Abu al-Qasim Ammar ibn Ali al-Mawsili (Arabic: عمار الموصلي) was an important eleventh-century Arab Muslim ophthalmologist. Despite little being known about his life or education, he has been described as the most original of all Arab oculists.
As his nisba indicates, Ammar was born in Mosul, and later moved to Egypt, where he settled during the reign of the Fatimid caliph al-Hakim bi-Amr Allah, to whom he wrote his only composition, Kitāb al-muntakhab fī ilm al-ayn (“The book of choice in ophthalmology”).
Regarding his invention he wrote the following:
Then I constructed the hollow needle, but I did not operate with it on anybody at all, before I came to Tiberias. There came a man for an operation who told me: Do as you like with me, only I cannot lie on my back. Then I operated on him with the hollow needle and extracted the cataract; and he saw immediately and did not need to lie, but slept as he liked. Only I bandaged his eye for seven days. With this needle nobody preceded me. I have done many operations with it in Egypt.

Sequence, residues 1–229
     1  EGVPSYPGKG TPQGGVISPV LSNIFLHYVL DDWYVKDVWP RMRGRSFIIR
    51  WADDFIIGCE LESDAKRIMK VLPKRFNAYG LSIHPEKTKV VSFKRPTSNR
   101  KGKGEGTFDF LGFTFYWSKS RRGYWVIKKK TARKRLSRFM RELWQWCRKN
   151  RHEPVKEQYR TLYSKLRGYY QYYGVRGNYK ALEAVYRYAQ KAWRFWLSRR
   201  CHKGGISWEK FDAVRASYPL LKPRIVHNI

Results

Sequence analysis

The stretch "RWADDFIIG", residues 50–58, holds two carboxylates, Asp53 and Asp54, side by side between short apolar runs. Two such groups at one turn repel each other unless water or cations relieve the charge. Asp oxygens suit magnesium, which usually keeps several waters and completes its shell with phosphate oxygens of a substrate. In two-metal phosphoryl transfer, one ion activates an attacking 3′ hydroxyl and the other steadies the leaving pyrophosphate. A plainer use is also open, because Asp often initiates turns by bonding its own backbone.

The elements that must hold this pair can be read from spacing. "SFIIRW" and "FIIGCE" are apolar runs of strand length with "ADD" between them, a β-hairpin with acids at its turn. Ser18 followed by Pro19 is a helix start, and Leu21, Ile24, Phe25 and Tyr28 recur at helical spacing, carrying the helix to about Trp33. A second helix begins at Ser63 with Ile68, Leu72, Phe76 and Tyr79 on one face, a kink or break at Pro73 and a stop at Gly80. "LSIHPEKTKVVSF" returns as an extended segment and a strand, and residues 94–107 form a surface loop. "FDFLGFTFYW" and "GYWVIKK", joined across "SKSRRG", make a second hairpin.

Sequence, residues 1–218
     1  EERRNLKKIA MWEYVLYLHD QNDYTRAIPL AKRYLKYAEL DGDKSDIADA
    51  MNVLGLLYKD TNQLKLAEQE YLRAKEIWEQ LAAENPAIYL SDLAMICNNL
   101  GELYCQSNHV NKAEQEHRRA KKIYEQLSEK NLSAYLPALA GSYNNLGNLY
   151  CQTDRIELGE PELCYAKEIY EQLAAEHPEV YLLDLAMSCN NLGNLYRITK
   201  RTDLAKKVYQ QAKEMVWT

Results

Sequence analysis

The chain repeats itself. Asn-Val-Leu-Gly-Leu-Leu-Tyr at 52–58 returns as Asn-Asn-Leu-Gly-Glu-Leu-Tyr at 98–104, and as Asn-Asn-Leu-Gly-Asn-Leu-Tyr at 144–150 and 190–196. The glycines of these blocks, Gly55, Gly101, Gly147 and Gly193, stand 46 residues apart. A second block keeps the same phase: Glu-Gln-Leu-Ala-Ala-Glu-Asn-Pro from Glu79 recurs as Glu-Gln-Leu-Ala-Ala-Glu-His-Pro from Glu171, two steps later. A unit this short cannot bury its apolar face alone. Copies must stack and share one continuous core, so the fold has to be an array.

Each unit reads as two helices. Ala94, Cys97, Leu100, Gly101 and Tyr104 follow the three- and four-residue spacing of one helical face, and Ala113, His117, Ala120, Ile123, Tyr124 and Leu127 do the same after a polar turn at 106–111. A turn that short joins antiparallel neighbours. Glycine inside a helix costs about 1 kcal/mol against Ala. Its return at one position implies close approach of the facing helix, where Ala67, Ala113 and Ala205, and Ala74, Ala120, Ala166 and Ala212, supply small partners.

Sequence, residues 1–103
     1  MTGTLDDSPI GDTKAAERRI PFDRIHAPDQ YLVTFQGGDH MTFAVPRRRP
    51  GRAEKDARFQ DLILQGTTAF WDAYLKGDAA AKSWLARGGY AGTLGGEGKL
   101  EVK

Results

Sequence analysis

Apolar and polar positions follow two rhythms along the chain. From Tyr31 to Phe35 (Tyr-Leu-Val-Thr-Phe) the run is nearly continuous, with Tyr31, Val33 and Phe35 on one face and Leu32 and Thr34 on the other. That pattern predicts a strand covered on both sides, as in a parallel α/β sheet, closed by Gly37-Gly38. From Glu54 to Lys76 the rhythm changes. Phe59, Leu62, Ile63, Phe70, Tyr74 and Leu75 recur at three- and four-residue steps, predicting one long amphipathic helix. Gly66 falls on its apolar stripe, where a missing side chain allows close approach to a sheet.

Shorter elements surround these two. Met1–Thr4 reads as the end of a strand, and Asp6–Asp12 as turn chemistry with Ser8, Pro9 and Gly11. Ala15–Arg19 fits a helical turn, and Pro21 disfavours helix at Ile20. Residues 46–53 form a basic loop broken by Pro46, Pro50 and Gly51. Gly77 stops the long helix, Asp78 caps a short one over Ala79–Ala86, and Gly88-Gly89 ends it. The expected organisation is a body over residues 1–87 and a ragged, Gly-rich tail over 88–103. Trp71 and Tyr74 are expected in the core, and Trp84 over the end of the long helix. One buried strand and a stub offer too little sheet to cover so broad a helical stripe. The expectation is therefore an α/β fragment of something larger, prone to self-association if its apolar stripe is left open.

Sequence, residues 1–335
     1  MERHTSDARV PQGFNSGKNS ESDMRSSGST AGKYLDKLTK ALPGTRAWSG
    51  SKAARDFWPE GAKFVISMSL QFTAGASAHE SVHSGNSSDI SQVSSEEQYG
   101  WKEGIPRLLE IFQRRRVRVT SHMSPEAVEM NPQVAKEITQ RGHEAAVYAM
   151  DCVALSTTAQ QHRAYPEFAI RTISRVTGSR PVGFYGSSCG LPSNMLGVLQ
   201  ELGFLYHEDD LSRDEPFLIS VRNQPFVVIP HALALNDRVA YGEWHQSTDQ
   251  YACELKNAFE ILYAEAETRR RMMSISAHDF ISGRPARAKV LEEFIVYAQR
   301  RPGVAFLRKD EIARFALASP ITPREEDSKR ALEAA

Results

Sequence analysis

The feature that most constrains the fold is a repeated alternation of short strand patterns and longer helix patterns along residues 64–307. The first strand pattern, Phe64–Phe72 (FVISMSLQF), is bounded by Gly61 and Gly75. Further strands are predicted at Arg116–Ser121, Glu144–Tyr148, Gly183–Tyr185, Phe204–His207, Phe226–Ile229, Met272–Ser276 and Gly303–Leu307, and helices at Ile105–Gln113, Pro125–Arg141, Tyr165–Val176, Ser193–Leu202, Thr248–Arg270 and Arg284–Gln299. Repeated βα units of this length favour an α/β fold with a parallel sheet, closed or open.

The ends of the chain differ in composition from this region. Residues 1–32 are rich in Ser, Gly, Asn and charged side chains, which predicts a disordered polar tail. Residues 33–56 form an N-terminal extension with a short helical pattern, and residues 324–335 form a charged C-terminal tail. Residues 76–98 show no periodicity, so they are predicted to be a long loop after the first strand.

He was a contemporary of the famous oculist Ali ibn Isa.
- E., Mittwoch. "ʿAmmār al-Mawṣilī". Brill Online Encyclopedia. Cite has empty unknown parameter:
- An Uncommon History of Common Things. National Geographic Books. 2015. ISBN 9781426216169.
- Finger, Stanley (1994), Origins of Neuroscience: A History of Explorations Into Brain Function, Oxford University Press, p. 70, ISBN 0-19-514694-8